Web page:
Short-Term Thinking, The Ruin Of Today's Politics
Democratic systems offer little incentive for long-term thinking. But unless we can implement true, forward-looking policies, problems like climate change will only multiply.
BERLIN — The Christian Democratic Union (CDU) and Social Democratic Party (SPD) share much of the blame for waning confidence in their future leadership abilities.
The big coalition steers by sight, seeing itself only as a transitional government until a hoped-for new majority is obtained. As such, it keeps seeking short-term wins to boost its popularity numbers, but at the expense of self-imposed climate goals or tackling long-term reforms for pensions, infrastructure, education or for the EU.
At the same time — and this is not only the responsibility of the CDU and SPD — democracy as a whole suffers from notorious shortsightedness and ignorance of the future: Parties are hostage to the election cycles. And as a watchdog, the media is so fixated on personalities that it's rarely ahead of the game.
Public confidence with regards to future leadership abilities is highest for the Green party, but if they were to govern soon, they would first have to come to terms with the pressure of short-termism. Would they stick to their "radical realism" if the poll numbers go down again, or would they, like the CDU and SPD, only give small answers to the big questions of our time?
A promising option would be to institutionalize farsightedness in democracy.
A not unrealistic negative scenario is that governments change regularly and the big challenges remain permanently unsolved. In fact, the problems multiply.
These days we're talking mainly about climate change, and understandably so. But what about the increase of the world population by one third heading into 2100? But then, there could be about 2 billion people willing to migrate. How can democracies master such challenges and other mammoth ones in the long run, given their inability to demonstrate long-term thinking?
The fact is, there's no escaping any of this. According to the United Nations, at least 6.75 trillion people will be born over the next 50,000 years, completely outweighing the current population of 7.6 billion and all those 100 billion who have died so far. But the unborn have no interest group, no party, no parliamentary seat.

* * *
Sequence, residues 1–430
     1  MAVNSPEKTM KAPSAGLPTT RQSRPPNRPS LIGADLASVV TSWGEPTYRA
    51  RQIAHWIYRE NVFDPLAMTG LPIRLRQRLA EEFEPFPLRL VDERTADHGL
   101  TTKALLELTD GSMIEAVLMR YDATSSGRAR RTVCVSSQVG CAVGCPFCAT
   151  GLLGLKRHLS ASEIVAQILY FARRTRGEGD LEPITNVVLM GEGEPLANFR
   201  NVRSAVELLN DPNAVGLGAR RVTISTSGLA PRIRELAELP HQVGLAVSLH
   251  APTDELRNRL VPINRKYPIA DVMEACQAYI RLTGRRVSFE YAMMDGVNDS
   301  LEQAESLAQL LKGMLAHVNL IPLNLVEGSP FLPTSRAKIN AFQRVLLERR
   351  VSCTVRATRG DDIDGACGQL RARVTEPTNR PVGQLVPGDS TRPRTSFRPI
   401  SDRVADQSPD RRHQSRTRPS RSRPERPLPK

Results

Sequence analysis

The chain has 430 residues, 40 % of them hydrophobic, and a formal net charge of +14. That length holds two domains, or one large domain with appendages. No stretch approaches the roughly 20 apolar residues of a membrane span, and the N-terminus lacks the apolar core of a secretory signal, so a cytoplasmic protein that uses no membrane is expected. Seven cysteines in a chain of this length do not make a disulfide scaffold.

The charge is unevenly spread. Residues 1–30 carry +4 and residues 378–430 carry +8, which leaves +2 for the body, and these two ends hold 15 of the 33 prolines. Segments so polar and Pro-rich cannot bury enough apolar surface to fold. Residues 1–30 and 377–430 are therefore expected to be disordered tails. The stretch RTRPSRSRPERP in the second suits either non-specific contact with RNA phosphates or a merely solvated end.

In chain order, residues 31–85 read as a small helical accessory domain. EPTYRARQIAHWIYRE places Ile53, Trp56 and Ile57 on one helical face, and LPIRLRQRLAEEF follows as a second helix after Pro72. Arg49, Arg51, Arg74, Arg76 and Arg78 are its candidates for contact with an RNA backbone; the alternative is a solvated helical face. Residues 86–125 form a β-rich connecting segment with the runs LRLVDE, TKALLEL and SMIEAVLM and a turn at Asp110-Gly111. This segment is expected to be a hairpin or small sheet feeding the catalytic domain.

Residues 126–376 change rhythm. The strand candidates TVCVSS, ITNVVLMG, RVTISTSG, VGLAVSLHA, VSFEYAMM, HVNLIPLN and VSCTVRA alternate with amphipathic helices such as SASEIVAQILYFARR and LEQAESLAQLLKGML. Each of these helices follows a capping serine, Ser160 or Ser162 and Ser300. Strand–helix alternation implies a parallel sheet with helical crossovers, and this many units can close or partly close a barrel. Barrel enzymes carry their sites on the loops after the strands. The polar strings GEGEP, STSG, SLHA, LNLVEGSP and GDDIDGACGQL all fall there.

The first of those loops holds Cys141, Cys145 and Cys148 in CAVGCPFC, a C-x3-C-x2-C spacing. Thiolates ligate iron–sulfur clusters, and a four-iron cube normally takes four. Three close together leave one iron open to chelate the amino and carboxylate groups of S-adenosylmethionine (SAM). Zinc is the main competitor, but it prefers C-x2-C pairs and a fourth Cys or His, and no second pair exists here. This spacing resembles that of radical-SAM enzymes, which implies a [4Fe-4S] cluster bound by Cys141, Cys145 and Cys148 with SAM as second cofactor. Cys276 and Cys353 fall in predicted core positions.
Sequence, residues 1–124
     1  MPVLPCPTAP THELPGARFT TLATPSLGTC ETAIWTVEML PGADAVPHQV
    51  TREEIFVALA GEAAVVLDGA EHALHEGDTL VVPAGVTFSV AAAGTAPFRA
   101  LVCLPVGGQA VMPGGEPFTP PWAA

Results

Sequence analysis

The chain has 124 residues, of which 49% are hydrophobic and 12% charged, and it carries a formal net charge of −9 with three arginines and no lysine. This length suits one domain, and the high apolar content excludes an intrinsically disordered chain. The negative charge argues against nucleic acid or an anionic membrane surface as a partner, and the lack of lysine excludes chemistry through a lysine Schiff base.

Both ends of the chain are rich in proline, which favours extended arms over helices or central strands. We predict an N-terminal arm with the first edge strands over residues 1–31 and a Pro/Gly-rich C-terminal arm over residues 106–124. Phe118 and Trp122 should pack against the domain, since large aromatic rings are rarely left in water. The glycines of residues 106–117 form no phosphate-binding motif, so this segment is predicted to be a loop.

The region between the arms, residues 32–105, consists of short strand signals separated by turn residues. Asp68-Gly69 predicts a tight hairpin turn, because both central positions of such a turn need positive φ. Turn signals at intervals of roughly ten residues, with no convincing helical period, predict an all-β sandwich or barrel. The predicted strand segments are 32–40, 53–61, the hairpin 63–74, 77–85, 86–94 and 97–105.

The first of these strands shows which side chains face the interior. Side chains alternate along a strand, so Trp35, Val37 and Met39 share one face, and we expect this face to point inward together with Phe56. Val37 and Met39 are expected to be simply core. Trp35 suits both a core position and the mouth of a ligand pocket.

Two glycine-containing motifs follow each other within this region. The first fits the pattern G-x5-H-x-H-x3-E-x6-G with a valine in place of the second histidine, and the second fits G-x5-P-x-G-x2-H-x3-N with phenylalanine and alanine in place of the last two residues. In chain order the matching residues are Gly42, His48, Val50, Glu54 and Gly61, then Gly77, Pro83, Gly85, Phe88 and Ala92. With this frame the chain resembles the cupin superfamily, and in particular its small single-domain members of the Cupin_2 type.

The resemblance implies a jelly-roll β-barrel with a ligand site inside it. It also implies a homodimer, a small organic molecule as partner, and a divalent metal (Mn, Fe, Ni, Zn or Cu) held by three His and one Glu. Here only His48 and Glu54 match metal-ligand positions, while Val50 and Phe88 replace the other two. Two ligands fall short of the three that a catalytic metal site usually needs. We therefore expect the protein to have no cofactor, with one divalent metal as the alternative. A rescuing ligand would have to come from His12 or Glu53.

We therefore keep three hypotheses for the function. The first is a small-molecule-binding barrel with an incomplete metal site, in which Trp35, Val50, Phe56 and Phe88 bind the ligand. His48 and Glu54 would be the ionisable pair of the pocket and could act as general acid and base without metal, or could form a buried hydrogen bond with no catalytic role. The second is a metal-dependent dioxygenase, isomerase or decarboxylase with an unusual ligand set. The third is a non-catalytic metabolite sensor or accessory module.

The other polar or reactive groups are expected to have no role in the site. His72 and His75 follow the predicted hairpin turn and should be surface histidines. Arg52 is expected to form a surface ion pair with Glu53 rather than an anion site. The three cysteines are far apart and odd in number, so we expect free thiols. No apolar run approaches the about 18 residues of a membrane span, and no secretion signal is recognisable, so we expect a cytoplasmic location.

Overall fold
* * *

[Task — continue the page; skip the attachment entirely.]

A Fridays for Future anti-climate change demonstration in Hamburg, Germany — Photo: Georg Wendt
There is little point in increasing the time gap between elections in order to reduce the pressure of maintaining power. Longer terms would stretch governments' legitimacy like chewing gum, thus thinning it and, in the worst case, tearing it. Nor does the solution to this problem speak for a greater involvement of citizens. This could perhaps increase satisfaction with democratic processes, but not the sustainability of their results.
A promising option would be to institutionalize farsightedness in democracy. There are already some examples: The Finnish parliament has a permanent committee for the future that controls and evaluates the long-term planning of the government. Between 2014 and 2016, Sweden even had Kristina Persson as its first minister for the future. She was responsible for the long-term consequences of government policy.
In Wales, Sophie Howe was named future generations commissioner in 2016. She cannot prevent laws, but she can force her cabinet colleagues to justify decisions vis-à-vis the unborn citizens of Wales. In addition, Howe actively participates in public discourse. She is the voice of future generations.
Parties are hostage to the election cycles.
This role in political decision-making may contain an important key: giving a future commissioner a veto right in the legislation would be an undemocratic decision-making authority. But lending the future a voice in public debates makes long-term consequences a permanent benchmark for politics that neither politicians nor the media and citizens can escape.
Of course, there could still be democratic majorities for politics that is blind to the future. In view of the current dissatisfaction with the future abilities of the German parties, however, this seems unlikely.
The rendezvous with the futurecould be more constructive, because politics and the future would be in constant dialogue with each other. It would be a step forward to give long-term thinking a firm place in politics. That alone could initiate a cultural change in democracy.